Short People

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A Year in Reading: Joshua Furst


Joshua Furst is the author of The Sabotage Cafe. He is a graduate of the Iowa Writers’ Workshop and has been the recipient of a Michener Fellowship, the Chicago Tribune’s Nelson Algren Award, and fellowships from The MacDowell Colony and Ledig House. Furst is also the author of the story collection, Short People, as well as several plays that have been produced in New York, where for a number of years he taught in the public schools. He lives in New York City.Peter Handke’s A Sorrow Beyond Dreams, which I read this past summer in an out-of-print Collier edition called 3 X Handke, but which I’ve since learned is back in print thanks to the crusading efforts of the New York Review of Books, is the most searing example of prose literature doing what no other art form can do – engaging the conflict between thought and emotion, building a narrative out of the intersection between ideas and lived experience – that I’ve come across in years. It’s a hybrid form – not quite memoir, but not exactly fiction either – about the life and suicide of his mother, written in the months immediately following her death. Handke struggles with whether or not it’s possible to fully comprehend and articulate her experience, given the depth of feelings this event triggered in him. But this makes the story sound dry and academic. It’s not. It’s shattering, one of those books that invade your consciousness and forever alter your reality.The most interesting work of new fiction I’ve read this year is also a hybrid form. Mike Heppner, the author of The Egg Code and Pike’s Folly, has been carrying out a literary experiment of sorts. He’s written a series of short fictional pieces questioning the role art plays in the world and the relationship between artists and their own work. Each of these pieces has been brought to the public via a different mode of dissemination. The first, Man Talking, about a mid-career writer’s loss of faith in his ability to communicate, can be downloaded from his website, which also explains the project in depth. The second, Talking Man, about a young child being lectured by his scientist father about all the reasons he shouldn’t waste his life making art, has been published as a chapbook by Small Anchor Press. The third, Man, is a fictional biography of a failed writer named Mike Heppner. If the means of production were the only thing of note about this project, I’d be tempted to call it a clever trick. It’s not though. Word for word, sentence for sentence, these novellas come closer to rendering what it’s like to live right now than most anything else out there.More from A Year in Reading 2008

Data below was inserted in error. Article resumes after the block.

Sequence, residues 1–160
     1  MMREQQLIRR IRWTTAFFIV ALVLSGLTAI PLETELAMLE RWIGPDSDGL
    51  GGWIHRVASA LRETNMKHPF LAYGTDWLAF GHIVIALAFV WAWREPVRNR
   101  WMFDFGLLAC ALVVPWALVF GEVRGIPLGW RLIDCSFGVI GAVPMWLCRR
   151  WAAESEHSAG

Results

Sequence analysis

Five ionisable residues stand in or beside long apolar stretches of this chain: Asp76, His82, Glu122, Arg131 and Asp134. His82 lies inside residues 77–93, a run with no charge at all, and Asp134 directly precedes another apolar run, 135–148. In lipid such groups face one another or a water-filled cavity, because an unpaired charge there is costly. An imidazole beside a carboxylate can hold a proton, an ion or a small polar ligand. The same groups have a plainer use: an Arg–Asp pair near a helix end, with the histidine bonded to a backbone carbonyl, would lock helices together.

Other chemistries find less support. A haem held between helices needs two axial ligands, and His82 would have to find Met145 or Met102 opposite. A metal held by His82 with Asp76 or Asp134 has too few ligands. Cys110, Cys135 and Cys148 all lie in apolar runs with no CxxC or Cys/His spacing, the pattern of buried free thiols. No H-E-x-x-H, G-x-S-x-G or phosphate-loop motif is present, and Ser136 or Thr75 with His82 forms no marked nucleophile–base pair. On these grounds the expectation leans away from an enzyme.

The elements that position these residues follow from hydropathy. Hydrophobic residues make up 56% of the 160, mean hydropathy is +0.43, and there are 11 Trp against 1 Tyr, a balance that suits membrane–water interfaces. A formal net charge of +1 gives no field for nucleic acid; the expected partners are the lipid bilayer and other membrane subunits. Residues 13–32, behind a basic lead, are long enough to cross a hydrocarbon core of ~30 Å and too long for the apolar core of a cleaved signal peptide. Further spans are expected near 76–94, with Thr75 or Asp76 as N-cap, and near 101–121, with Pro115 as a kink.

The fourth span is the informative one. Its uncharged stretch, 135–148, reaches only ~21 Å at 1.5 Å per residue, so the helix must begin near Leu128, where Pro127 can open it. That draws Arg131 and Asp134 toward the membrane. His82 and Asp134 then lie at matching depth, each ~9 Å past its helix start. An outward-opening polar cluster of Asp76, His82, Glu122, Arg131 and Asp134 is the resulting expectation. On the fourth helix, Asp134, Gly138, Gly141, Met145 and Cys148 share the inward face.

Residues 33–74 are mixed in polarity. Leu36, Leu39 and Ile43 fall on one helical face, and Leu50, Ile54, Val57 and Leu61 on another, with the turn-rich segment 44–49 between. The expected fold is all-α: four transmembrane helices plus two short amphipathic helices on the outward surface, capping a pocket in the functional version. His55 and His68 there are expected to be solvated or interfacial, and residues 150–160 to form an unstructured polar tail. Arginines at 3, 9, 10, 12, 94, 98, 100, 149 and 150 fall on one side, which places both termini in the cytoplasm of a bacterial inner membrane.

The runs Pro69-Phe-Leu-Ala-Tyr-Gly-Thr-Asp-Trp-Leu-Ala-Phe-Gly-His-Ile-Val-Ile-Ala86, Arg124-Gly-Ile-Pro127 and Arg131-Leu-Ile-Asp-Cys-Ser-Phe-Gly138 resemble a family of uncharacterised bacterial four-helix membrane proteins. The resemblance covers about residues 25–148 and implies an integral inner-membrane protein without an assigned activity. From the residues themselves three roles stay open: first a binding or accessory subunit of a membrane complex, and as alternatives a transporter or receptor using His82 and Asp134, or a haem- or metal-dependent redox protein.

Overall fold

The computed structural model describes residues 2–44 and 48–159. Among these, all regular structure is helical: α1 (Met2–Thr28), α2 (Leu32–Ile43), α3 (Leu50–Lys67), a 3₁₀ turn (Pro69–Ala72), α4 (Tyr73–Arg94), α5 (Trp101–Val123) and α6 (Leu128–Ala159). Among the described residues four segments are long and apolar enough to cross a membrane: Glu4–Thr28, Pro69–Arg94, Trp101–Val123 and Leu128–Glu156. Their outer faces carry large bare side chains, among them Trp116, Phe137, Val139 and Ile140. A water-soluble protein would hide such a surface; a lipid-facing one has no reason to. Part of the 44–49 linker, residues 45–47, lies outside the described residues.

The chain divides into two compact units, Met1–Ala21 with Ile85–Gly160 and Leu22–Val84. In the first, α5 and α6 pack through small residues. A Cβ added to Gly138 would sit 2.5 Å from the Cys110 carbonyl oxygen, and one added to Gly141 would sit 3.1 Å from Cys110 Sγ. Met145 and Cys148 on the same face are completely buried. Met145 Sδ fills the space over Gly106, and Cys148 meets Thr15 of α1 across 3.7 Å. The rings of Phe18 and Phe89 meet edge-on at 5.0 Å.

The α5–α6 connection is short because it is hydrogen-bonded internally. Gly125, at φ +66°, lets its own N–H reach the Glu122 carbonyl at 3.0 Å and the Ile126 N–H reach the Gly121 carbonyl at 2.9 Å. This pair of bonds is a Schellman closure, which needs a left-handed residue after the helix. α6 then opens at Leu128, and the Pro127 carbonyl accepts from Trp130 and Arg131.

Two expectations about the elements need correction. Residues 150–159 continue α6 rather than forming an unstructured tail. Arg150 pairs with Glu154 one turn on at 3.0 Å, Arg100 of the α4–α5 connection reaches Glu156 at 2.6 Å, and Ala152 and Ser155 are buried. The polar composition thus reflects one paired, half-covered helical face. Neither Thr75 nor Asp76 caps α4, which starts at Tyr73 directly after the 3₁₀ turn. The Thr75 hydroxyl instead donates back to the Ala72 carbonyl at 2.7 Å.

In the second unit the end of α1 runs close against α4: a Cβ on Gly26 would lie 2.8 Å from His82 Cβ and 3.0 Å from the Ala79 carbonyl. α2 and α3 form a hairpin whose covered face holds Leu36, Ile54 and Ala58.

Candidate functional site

A Year in Reading: Sana Krasikov


Sana Krasikov is the author of the short story collection One More YearSea of Poppies by Ami-tav Ghosh. I was reading my nephew The Neverending Story when I picked up Sea of Poppies. In some ways it’s exactly that sort of adventure book for adults. It opens on the eve of the British “Opium War” with China and moves on to Calcutta, Bengal, various colonial Asian ports and villages where poppies are cultivated and processed into opium. It’s the first book in what’s going to be a trilogy.Everything Ravaged, Everything Burned by Wells Tower (This book will be out in April 2009). I’m reading a galley of Tower’s stories after a self-imposed moratorium on short stories. There’s just something about the way Tower throws you smack in the middle of his characters’ lives that I love. No preliminaries. The wonderful bluntness of it reminds me a bit of another totally irreverent collection I read and enjoyed a few years ago, Josh Furst’s Short People.The Last of Her Kind by Sigrid Nunez. One of the smartest and most thoughtful books I read this year – as much social history as novel. About two Barnard Roommates coming into their own at the tail end of the sixties. Don’t be misled by the “young adult” looking cover – Nunez’s book is anything but. It should be required reading for anybody trying to understand the mixed and complex legacy of feminism in America.More from A Year in Reading 2008

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